|A young Ellar Coltrane in "Boyhood"|
Released a year after the last film in his “Before” series, and beginning production a year before the previous film was started, Boyhood’s remarkable trait is one familiar to fans of Richard Linklater’s Before Sunrise, Before Sunset and Before Midnight. Following a boy from the beginning of First Grade until his high school graduation, the film was shot over twelve years, using the same actor in each part throughout the venture. Its working title was 12 Years, until last year when Linklater worried it’d be confused with 12 Years a Slave upon release. But I can’t think of the title that can convey the quiet, unassailable profundity achieved here by Linklater and his team. It entailed casting a seven-year-old in a central role, and various adults and pre-teens around him, hoping they’d be able to carry off each segment with their performance, that they’d be available the same time each year to film together, and that they’d all survive long enough to finish the project. Linklater reportedly asked Ethan Hawke to complete the film if he died. The death of an actor, though, however tragic, would have been written in, as apparently other things were. Again in the tradition of the “Before” series, the script was written over the shooting period, with all the major actors playing a part in the writing; sometimes a scene was finished the night before it was filmed. And it was adapted and developed to everything the slowly maturing Ellar Coltrane was experiencing in his life.
The result of their trust and affecting dedication cannot possibly be any more pleasing, to the filmmakers or to us. The film is a sprawling epic, a technical feat, and an intimate and touching inspection of a parent-child relationship spanning over a decade. Terrence Malick’s The Tree of Life painted an ethereal and poetic portrait of childhood and family life, extrapolating the flux and reflux in a person’s life to all of humanity, and to the entire cosmos since the beginning of time. Here we are given as personal and profound an artwork which many audience members will find perhaps more engaging and accessible, i.e. without the dinosaurs. No medium other than cinema makes either of these works possible: it unfolds in time, unlike photography and painting, and records external reality, unlike music, in audio-visual form, unlike literature. If a still camera proves that we and our world exist, a film camera proves that we live and breathe and grow.
The film is rather like time-lapse photography of a human being – we see the young Mason (Coltrane) object to his sister Samantha’s (Lorelei Linklater) bedroom rendition of Britney Spears’ “Oops! … I Did it Again”, line up at to get his copy of “Harry Potter and the Half-Blood Prince”, campaign in the Obama-McCain presidential race, and complain about his girlfriend constantly updating her Facebook status on her iPhone 5. He puts up with his mother’s (Patricia Arquette) unfortunate series of partners, supports her in her career advances, and speaks to his father (Hawke) about polar bears at seven, video games at twelve, and relations with girls at seventeen.
Each cast member, central or peripheral, does a supreme job at portraying their characters as real people we may meet every day, or have already connected with in our lives. Coltrane in particular is an exciting performer to watch, and takes his dialogue and his action so much further than practically any other child actor would. He gives Mason a stubborn self-awareness that avoids egotism. Lorelei Linklater, too, is admirable in her scenes, and Arquette and Hawke’s performances are triumphs in naturalism, indeed their best work. If there’s anything missing from the film, though, it’s Mason’s peer group; we catch glimpses of him riding his bike with a friend or walking from school with some classmates, and we spend some time with a stepbrother and stepsister, who heartbreakingly disappear halfway through, but these are lives crossed and not followed up on. Linklater is keeping his focus on the view from home.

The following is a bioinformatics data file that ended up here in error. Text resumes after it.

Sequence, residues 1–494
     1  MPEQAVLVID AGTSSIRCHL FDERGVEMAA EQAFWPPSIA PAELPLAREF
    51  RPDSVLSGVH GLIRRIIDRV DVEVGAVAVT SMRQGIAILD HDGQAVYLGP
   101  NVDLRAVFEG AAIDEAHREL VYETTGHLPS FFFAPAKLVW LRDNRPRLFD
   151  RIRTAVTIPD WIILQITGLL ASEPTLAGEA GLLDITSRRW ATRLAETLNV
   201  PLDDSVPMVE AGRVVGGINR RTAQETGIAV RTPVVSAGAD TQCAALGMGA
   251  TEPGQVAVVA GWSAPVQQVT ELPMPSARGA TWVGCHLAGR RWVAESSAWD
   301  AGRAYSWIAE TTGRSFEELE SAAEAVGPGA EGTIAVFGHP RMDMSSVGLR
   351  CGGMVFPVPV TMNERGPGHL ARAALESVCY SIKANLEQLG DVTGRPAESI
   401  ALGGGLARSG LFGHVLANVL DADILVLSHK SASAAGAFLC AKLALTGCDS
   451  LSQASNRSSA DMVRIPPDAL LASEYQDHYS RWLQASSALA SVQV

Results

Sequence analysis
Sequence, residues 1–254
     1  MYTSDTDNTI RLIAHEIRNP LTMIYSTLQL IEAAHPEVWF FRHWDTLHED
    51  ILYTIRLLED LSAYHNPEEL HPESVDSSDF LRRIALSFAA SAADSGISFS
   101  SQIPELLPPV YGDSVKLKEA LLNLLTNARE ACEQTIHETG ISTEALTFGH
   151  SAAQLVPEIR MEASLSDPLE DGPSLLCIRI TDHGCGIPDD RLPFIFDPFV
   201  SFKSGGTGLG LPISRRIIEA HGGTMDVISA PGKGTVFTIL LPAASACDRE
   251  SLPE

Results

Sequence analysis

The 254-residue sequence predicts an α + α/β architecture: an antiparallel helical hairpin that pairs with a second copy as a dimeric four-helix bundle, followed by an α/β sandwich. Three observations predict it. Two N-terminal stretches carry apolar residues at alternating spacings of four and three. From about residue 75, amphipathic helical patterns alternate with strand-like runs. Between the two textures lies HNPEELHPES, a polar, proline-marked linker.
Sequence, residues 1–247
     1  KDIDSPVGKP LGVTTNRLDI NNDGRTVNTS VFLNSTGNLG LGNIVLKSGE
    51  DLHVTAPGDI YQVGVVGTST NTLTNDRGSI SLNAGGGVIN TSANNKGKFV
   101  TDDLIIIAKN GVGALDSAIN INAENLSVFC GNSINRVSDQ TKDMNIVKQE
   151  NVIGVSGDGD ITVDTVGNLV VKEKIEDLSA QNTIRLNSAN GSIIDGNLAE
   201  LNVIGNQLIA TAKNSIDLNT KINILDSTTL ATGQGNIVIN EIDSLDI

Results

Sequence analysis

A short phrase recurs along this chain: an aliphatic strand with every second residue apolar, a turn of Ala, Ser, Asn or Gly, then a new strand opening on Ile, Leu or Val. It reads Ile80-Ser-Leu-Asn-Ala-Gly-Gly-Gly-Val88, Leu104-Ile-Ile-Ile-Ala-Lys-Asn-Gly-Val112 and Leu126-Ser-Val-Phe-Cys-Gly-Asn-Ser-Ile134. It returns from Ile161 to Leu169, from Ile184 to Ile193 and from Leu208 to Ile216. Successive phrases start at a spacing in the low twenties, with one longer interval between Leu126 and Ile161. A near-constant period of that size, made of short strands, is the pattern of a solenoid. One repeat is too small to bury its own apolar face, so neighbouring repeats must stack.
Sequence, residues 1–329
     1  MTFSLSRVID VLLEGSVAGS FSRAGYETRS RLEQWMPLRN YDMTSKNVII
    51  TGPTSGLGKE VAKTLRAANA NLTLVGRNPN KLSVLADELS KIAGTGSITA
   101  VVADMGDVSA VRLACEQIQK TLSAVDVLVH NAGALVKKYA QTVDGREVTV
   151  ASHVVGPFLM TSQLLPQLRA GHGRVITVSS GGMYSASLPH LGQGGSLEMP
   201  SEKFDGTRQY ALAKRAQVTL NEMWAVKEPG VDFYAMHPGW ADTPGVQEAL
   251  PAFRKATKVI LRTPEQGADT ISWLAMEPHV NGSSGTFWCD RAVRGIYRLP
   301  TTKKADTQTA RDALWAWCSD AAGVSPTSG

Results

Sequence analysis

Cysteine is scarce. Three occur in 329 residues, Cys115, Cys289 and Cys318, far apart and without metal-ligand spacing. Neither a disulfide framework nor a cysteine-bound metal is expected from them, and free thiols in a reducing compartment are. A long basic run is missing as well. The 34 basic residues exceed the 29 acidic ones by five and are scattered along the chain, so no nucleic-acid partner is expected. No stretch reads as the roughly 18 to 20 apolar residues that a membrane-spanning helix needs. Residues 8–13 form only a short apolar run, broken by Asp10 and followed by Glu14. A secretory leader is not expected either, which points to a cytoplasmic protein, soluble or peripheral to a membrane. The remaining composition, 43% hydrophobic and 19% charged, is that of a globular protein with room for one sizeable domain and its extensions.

At 165 minutes, the film lingers on a number of moments, without ever overplaying anything. This is one of those rare films where there isn’t a single stand-out moment, but every scene is a
There isn’t much of a plot, by which I mean there isn’t a story arc structured
in three acts with an exposition, development and climax and resolution. The
film reflects the ebb and flow of a life, except it’s a life between the ages
of 6 and 18, with a lot of flow, and not much ebbing. You wait in the first few
scenes for the story to get going, until you realise, just as an adolescent boy
realises after waiting for a major event or the entrance of a vivid character
to mark the take-off point of his life, his life and the story start in the
first moments of consciousness, and in the first frame, with Mason lying on the
grass, pensively watching the clouds. And it goes on, again as life goes on,
with changing haircuts, growth spurts, aging parents, new friends, coming and
going relationships, new hobbies and interests, and shifting outlooks. The
concerns common to Linklater’s films are present here: the variability of human
relationships, the losses and gains in a life, the closeness of joy to sadness,
and whether we live and learn, or the living is task enough. It’s a great
comfort, and no spoiler, to observe that he emerges intact, self-possessed and
well-begun on his life’s passage, and we look forward to musing on what lies
beyond this verge where Linklater has decided to end the narrative. high point
|An older Ellar Coltrane in "Boyhood"|